BlogExplosion

Sunday, November 30, 2008

Update on Dr. Mel Levine: All Kinds of Minds Founder Resigns, No Trial Date Set?

Since I first began posting about Dr. Mel Levine back in April, with my most recent Mel Levine update based on the New York Times article in August, I've had many visitors stop back at Roxiticus Desperate Housewives seeking more information on the civil suits against Levine for alleged child molestation.

While no court date has been set, the most recent news comes from the Durham News & Observer, reporting that Dr. Mel Levine, the doctor who founded All Kinds of Minds, a Durham, North Carolina institute dedicated to teaching children with learning disabilities, has resigned from the institute amidst the allegations of child molestation. The famed pediatrician is facing five lawsuits in Boston, Massachuetts, accusing him of molesting young boys during physical examinations. Carmen Durso, the Boston lawyer representing the five plaintiffs, said that more than 50 other former patients or their parents had contacted him with complaints. Dr. Levine has denied the abuse allegations, but has voluntarily suspended his license to practice and is under investigation by the North Carolina Medical Board. Dr. Levine announced on Tuesday, November 25th that he would leave All Kinds of Minds in June 2009, when his consulting contract, under which he is paid $150,000 per year, expires.

Until the accusations, Dr. Levine was the unchallenged guru of learning disabilities. Parents flocked to his lectures and lived by his books. In fact, it was the cancellation of a planned lecture by Dr. Levine at Mendham Township Elementary School that brought the lawsuits to my attention. Mel Levine was seen as a compassionate advocate for children with troubles, insisting that all students could learn and that the job of an educator was to find the approach that worked best for each child. He founded All Kinds of Minds in 1995 to focus on teacher training for children with learning disabilities, creating individual plans for children, and shunning labels like ADHD. The institute’s approach is based entirely on Levine’s books and teachings. Dr. Levine’s innovative approach drew patients from across the country and turned him into a world-famous child development expert. As a result, All Kinds of Minds has millions of dollars worth of contracts with schools across the nation.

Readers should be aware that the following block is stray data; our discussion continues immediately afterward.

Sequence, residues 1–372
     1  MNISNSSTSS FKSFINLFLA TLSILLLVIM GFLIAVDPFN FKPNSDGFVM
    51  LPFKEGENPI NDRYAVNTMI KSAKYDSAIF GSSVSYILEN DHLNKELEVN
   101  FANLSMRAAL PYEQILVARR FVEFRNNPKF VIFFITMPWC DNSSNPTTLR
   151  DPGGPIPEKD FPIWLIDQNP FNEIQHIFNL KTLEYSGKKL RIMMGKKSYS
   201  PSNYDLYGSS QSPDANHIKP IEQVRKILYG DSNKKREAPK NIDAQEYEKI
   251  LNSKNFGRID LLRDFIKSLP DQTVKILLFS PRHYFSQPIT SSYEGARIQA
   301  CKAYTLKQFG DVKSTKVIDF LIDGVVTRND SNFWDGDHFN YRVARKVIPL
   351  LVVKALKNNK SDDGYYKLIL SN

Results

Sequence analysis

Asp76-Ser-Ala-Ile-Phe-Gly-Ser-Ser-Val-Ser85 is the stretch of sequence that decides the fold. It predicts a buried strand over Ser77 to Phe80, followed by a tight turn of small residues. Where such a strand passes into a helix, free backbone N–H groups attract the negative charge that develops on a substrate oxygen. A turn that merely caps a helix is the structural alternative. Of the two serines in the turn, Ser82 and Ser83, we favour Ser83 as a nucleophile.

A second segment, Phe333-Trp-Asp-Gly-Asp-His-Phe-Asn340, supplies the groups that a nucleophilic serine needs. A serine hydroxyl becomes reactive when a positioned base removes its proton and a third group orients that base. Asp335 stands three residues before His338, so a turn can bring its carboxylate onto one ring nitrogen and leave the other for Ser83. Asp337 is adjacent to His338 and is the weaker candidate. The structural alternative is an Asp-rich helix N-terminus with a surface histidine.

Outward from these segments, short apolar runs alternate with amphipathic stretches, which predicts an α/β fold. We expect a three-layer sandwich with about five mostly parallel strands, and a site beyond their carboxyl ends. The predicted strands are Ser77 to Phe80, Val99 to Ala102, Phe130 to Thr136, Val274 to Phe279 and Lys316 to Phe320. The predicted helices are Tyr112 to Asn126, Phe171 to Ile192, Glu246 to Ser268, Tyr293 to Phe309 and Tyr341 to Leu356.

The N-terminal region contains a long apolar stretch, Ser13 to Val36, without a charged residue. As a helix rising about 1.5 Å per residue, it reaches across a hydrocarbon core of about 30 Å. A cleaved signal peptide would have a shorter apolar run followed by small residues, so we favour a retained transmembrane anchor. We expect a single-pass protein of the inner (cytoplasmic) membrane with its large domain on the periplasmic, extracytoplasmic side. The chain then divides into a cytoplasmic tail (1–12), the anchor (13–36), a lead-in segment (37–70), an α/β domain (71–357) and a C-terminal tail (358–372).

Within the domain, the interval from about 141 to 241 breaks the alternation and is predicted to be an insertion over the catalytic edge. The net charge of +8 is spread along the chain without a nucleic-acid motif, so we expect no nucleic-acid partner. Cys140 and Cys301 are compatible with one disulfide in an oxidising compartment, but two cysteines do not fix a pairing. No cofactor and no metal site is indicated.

According to The New York Times, since the lawsuits were filed against Levine, All Kinds of Minds has lost nine of its 80 contracts. In a prepared statement, All Kinds of Minds Board Chairman Roch Hillenbrand said the board regretted the circumstances surrounding Levine’s resignation, but maintained the move was necessary. “The mission of [All Kinds of Minds] is so critical to tens of thousands of young learners, and to those who teach, guide and counsel them, that it had to be placed above any one person,” Hillenbrand said. Charles Schwab, the co-founder of the All Kinds of Minds institute, who provided financing and served as co-chairman with Dr. Levine, resigned in September. The institute, which has teacher-training contracts with two states and dozens of individual schools, said it would continue its work of spreading Dr. Levine’s views on how children learn. “All Kinds of Minds was formed to create a venue and legacy for his work so the genius of this man wouldn’t die with the individual,” said Mary-Dean Barringer, chief executive of the institute. “Do I think we’ll make it through without him? I do.” Dr. Levine had not been involved in the day-to-day operations of All Kinds of Minds and the institute has been successful, even in the last month, in finding philanthropic support, including a pledge of $2.25 million over three years from the Oak Foundation.

In a prepared statement provided by his lawyer, Alan Schneider, Dr. Levine said he was leaving All Kinds of Minds to devote himself to a new program, Bringing Up Minds, that works directly with parents and clinicians to teach them how to help children succeed in school.

2 comments:

Anonymous said...

I have noticed that since demand for Levine's presence at seminars in the US has dropped off, he's resorted to giving them in Israel, where many people didn't know about the abuse allegations.
I'm sorry, but a doctor doesn't surrender his license unless he has something to hide.

Anonymous said...

There are a few errors in this story. The newpaper is the Raleigh News & Observer (not Durham). The All Kinds of Minds Institute is in Chapel Hill (not Durham).

Dr. Levine's behavior has put a horrible cloud over any positive work he has ever done. He should stay away from all children. He should serve prison time for his behavior. All those children couldn't have been making up those stories. We need to support our children. I am disgusted by Dr. Levine, who I had such respect for previously. I just wish the University of North Carolina had done a better job of looking into Dr. Levine's background and the issues that happened in Boston.